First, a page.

Draisaitl is a name German ice hockey fans know like Kühnhackl or Krupp: for 18 years, Leons' father Peter Draisaitl played in German professional ice hockey. Born in Czechoslovakia, the senior was one of the most successful players for both the Mannheim ERC and the Cologne Sharks: He was a centre forward, just like his son today, and also played for the German national team (including at the 1992 Olympic Games in Albertville). Meanwhile, Peter Draisaitl has been working as a coach for 20 years. A life for ice hockey - right down to his super-talented son. He inherited his understanding of the game from his father, says Draitsaitl Junior.
The Canadians greeted him as "German Gretzky" after Leon Draisaitl joined the Edmonton Oilers as an 18-year-old. That's where Wayne Gretzky had his most successful time. "A little over the top," Draisaitl thought of the nickname at the start of his career. But the German has actually managed to live up to expectations. To emulate, though, he finds the career of another superstar. He would love to create hype like Dirk Nowitzki has done for basketball in Germany, Draisaitl said early on. "I would do anything for that."
Leon Draisaitl wears the number 29 - and has done so forever. He got his trademark number from an ice hockey player whose name even ice hockey freaks don't know: Ben Thomson, a now 39-year-old Canadian who played in the second German league in Ravensburg until 2012. That's where Draisaitl's father, Peter, was coach at the time. "That was my favorite player back then, he was always super-correct to me," the ice hockey superstar recalls to "ran" about his childhood hero. Thomson "always talked a lot of nonsense to me," which made the
There's cuddling and tight dancing, and everyone gets to watch: Celeste Desjardins' Instagram account is also a highlight for Draisaitl fans. The 25-year-old model and actress is Leon Draisaitl's girlfriend. And the two are giving a little bit of insight into their relationship on the Canadian's social media activity. "She gives me an incredible amount of support," Draisaitl said after being voted the NHL's most valuable player a year ago.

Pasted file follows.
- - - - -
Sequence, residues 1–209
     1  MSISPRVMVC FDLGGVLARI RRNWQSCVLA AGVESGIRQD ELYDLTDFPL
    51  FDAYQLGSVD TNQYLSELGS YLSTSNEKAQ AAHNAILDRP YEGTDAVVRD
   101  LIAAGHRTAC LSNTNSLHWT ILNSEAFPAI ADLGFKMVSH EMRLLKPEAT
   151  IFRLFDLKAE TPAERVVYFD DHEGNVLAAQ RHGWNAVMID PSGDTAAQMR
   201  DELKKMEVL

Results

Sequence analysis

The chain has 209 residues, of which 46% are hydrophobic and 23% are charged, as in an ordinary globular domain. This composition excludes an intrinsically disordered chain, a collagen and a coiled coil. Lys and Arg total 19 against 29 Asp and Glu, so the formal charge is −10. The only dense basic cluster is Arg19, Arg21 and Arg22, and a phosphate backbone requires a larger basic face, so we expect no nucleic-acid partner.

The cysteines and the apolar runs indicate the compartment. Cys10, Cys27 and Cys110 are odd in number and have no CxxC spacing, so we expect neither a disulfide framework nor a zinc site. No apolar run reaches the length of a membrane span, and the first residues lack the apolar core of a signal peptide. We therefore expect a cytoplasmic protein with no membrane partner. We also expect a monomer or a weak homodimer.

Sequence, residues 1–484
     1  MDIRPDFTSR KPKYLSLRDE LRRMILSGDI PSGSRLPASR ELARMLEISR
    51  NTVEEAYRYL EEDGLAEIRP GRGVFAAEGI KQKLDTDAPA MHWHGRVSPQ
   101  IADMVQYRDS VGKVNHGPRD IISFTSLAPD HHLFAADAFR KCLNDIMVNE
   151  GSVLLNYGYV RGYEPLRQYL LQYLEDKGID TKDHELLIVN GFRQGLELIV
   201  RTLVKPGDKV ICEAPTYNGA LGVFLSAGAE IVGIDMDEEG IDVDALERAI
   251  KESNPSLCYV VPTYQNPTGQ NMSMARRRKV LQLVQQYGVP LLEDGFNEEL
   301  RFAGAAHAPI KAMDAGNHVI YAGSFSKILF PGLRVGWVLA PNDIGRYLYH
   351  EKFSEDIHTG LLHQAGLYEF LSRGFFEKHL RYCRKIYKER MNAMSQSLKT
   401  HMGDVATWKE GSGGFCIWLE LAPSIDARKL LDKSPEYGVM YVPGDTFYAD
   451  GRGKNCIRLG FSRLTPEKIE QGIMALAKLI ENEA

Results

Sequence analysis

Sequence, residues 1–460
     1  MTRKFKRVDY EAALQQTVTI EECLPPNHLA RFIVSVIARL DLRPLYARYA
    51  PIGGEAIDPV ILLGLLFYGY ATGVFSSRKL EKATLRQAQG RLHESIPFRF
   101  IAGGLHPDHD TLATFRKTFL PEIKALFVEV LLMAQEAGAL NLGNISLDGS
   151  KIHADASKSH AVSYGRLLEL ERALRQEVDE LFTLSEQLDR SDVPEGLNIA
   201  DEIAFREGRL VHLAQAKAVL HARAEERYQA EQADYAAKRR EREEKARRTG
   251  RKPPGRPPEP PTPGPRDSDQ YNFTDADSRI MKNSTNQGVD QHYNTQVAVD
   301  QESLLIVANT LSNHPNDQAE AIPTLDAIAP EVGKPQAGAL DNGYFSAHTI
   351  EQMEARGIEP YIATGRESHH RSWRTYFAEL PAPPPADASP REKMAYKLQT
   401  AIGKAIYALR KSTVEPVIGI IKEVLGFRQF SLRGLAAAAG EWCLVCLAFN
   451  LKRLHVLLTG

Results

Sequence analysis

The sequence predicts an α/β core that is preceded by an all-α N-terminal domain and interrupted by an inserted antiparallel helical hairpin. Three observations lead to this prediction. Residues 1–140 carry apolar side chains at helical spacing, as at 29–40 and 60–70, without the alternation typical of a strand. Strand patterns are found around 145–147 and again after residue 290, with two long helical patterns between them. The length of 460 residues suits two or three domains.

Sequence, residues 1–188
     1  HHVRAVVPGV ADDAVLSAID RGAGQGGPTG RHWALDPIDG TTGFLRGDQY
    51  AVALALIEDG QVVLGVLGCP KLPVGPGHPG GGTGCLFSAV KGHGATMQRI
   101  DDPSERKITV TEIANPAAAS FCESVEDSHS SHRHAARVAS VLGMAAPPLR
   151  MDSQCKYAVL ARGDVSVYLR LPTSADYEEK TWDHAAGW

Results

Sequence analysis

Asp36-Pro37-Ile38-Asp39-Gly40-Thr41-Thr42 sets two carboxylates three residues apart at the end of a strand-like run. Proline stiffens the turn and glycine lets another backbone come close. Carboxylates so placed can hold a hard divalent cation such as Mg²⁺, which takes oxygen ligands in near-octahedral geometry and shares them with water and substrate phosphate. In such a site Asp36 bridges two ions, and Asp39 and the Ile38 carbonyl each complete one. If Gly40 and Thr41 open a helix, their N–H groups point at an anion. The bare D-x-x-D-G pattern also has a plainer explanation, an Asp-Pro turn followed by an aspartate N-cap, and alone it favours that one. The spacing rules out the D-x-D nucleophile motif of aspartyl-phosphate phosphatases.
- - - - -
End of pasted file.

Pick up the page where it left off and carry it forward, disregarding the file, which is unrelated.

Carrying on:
It goes without saying that an exceptional athlete often wins awards. In the case of Leon Draisaitl, the most important sporting success is certainly his election as MVP - the most valuable player in the world's best professional ice hockey league, the NHL. But for the home viewer, another choice stands out. Draisaitl was named Sportsman of the Year last year. He is the first hockey player to win the award, and only the second team athlete ever to win the vote, after Dirk Nowitzki. Neither a Lothar Matthaeus nor a Thomas Mueller could ever boast the title. "His selection as Sportsman of the Year as an ice hockey player and team sportsman has historic dimensions and crowns his outstanding achievements in the past NHL season," said a delighted Franz Reindl, President of the German Ice Hockey Federation.
In 2017 Leon Draisaitl signed a contract in Edmonton that runs until 2025 and brings him a total of 68 million US dollars. Sounds a lot, is a lot - but still probably not even the salary cap achievable for Draisaitl. Because there have long been voices that see him as significantly more valuable. Presumably, negotiations will soon begin to determine whether his contract will be beefed up accordingly. We don't begrudge him that, as Draisaitl works with the highest degree of professionalism. For years, for example, he has been doing a training camp in the summer, which he pays for privately and where several trainers take care of his fitness. "I've worked extremely hard to become the player I am today."
If he eventually makes good on the words from the start of his career in the U.S., an entire city will rejoice. "I'm a Cologne native and always will be. I want to play here again," said Draisaitl in 2016. He had started playing ice hockey with the Haie bambini. But until he plays again for the Cologne Sharks in the DEL, there are still many successful years to come in the USA. But at the end of his NHL career, he can well imagine: "I've always been a Haie and FC fan. There is only one option," he said at the time to the Rhenish Post.